General Information


Faculty and professional advisors are committed to helping all students succeed. Students in the nutrition sciences program receive advising from Food & Nutrition faculty and from the College of Health and Human Services' Advising office, which provides a variety of services to assist students in meeting their personal and professional goals.


Students who complete the Bachelor of Science in nutrition sciences degree program will be prepared for the following:

• Pursue advanced degrees in nutrition and other life sciences;
• Apply for entrance into professional schools of medicine; 
• Enter laboratory research careers in food, nutrition or pharmaceutical industry such as:

Nutritionist  analyzing the interaction of diet and exercise
Research scientist  in food and pharmaceutical industries
Product representative  for a pharmaceutical company
Software developer  for nutrient analysis of training table meals for athletes
Research scientist  for a governmental agency
Academic career  in food science and/or nutrition



Dr. Dawn L. Anderson
126 Health & Human Services


The Bachelor of Science degree in nutrition sciences may require nine semesters to complete. Students will also receive a minor in both biology and chemistry.


Students pursuing a B.S. in Nutrition Sciences degree are encouraged to have high school preparation in calculus, chemistry, and biology.


Approximately 60 percent of BGSU students receive financial aid.


Dr. Anderson, Associate Professor, has worked with NASA to develop food safety plans for long duration space missions and conducts research on food safety education.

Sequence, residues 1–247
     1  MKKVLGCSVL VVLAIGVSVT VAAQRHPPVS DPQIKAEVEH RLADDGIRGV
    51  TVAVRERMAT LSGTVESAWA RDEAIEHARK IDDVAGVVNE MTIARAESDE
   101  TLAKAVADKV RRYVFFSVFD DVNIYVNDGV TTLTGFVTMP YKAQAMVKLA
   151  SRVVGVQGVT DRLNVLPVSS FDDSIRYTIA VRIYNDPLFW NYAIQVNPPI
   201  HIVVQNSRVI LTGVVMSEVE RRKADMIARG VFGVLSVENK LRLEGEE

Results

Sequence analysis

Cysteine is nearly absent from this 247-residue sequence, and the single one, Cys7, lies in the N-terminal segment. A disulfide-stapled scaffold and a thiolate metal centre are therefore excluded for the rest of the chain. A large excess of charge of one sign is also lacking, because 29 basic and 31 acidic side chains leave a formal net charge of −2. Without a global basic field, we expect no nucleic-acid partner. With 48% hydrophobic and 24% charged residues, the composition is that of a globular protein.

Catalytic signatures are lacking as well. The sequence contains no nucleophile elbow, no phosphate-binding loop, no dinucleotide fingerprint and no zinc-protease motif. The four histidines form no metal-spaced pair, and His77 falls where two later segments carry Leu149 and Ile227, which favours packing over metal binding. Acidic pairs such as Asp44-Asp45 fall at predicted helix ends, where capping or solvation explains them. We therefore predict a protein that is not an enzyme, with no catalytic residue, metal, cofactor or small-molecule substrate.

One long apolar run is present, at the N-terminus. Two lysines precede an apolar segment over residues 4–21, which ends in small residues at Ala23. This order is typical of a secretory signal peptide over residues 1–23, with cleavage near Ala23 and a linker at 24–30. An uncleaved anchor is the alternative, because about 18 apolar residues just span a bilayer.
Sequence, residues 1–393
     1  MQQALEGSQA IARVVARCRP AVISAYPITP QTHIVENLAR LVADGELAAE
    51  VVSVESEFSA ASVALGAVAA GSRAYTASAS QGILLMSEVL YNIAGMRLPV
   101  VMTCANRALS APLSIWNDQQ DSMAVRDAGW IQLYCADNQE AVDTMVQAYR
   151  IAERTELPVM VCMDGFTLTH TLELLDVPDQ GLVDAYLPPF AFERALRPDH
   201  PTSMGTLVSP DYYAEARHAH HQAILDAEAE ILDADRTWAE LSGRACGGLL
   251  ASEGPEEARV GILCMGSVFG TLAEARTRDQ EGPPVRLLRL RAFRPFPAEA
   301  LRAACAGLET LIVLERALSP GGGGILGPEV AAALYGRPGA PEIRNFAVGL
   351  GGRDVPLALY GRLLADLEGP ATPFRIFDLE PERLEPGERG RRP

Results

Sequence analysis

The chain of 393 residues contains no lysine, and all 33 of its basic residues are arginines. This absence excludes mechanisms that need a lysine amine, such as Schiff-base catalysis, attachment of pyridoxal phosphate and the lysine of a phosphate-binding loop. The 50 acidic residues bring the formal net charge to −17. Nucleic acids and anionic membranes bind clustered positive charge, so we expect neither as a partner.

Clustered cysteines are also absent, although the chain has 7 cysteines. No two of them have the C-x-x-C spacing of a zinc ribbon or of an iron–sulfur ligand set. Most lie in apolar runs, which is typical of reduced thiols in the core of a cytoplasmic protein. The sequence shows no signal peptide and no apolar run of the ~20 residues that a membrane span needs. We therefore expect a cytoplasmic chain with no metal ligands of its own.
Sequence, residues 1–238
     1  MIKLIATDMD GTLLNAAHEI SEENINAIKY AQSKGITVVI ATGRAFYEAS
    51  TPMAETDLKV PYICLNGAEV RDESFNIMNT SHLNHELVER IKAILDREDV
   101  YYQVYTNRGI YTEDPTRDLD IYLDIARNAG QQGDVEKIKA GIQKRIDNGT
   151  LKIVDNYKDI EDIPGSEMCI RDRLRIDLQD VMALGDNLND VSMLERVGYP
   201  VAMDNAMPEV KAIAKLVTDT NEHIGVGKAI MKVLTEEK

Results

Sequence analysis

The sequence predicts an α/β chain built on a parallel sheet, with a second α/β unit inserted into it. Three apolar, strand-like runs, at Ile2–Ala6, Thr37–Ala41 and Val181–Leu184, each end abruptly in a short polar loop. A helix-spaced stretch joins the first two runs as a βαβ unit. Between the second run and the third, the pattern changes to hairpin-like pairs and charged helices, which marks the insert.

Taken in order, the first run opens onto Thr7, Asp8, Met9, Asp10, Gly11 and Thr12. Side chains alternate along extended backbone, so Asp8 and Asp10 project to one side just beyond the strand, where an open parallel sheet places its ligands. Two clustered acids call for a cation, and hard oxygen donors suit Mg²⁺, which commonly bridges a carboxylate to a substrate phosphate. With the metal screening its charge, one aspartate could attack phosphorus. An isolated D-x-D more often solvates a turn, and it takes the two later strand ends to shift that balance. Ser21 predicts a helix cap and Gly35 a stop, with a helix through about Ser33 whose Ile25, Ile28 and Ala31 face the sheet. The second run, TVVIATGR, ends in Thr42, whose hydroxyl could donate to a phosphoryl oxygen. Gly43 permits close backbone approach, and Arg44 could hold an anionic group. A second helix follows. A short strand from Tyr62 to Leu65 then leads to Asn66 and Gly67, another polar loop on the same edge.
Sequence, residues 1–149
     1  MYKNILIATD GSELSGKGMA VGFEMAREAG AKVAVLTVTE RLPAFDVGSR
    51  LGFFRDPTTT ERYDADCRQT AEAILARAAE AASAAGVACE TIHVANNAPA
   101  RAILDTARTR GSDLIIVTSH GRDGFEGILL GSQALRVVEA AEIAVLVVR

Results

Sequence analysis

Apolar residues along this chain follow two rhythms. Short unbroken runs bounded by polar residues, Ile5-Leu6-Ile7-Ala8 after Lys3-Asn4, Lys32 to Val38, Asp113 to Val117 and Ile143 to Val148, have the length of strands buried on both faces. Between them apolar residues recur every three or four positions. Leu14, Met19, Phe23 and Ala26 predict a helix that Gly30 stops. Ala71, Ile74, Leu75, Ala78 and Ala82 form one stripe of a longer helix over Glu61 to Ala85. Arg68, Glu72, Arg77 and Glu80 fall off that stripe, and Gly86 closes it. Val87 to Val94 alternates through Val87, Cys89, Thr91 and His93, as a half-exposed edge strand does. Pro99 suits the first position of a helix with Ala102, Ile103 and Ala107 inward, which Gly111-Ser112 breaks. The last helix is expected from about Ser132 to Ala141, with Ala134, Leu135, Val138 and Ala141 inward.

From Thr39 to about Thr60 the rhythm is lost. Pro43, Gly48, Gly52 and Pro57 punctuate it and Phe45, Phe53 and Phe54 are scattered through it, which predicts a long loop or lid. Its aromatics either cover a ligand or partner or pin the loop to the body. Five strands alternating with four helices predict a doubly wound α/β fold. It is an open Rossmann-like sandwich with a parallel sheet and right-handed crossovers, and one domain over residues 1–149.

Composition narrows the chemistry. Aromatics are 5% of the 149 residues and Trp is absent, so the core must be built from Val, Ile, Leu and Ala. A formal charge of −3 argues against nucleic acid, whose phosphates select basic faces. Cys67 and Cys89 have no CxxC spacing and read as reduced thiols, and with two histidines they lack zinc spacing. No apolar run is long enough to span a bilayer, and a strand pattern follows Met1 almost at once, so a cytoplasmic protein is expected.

In addition, she studies post-harvest physiological changes leading to the development and reversal of the hard-to-cook defect in legume seeds.


There is no official licensure leading from the program in nutrition sciences. However, students who complete the B.S. in Nutrition Sciences degree program will be prepared to
1) pursue advanced degrees in nutrition and other life sciences; 
2) apply for entrance into professional schools of medicine; and 
3) enter laboratory research careers in food, nutrition or pharmaceutical industry.


Laboratory experiences are an integral part of the nutrition sciences major. A new 14-unit food preparation laboratory and a new chemistry lab for physical and chemical analysis of foods are located in the Health and Human Services Building. The chemistry and biology laboratories, which are required in the curriculum, are conducted in Overman Hall and the Life Sciences Building. Opportunities are available for students to interact and conduct research with professionals in the field and related disciplines, such as faculty in the departments of biology and chemistry at BGSU, faculty at The University of Toledo, and professionals working in community/public/clinical nutrition and the food industry. Students have also interacted with community agencies through partnership grants awarded to faculty.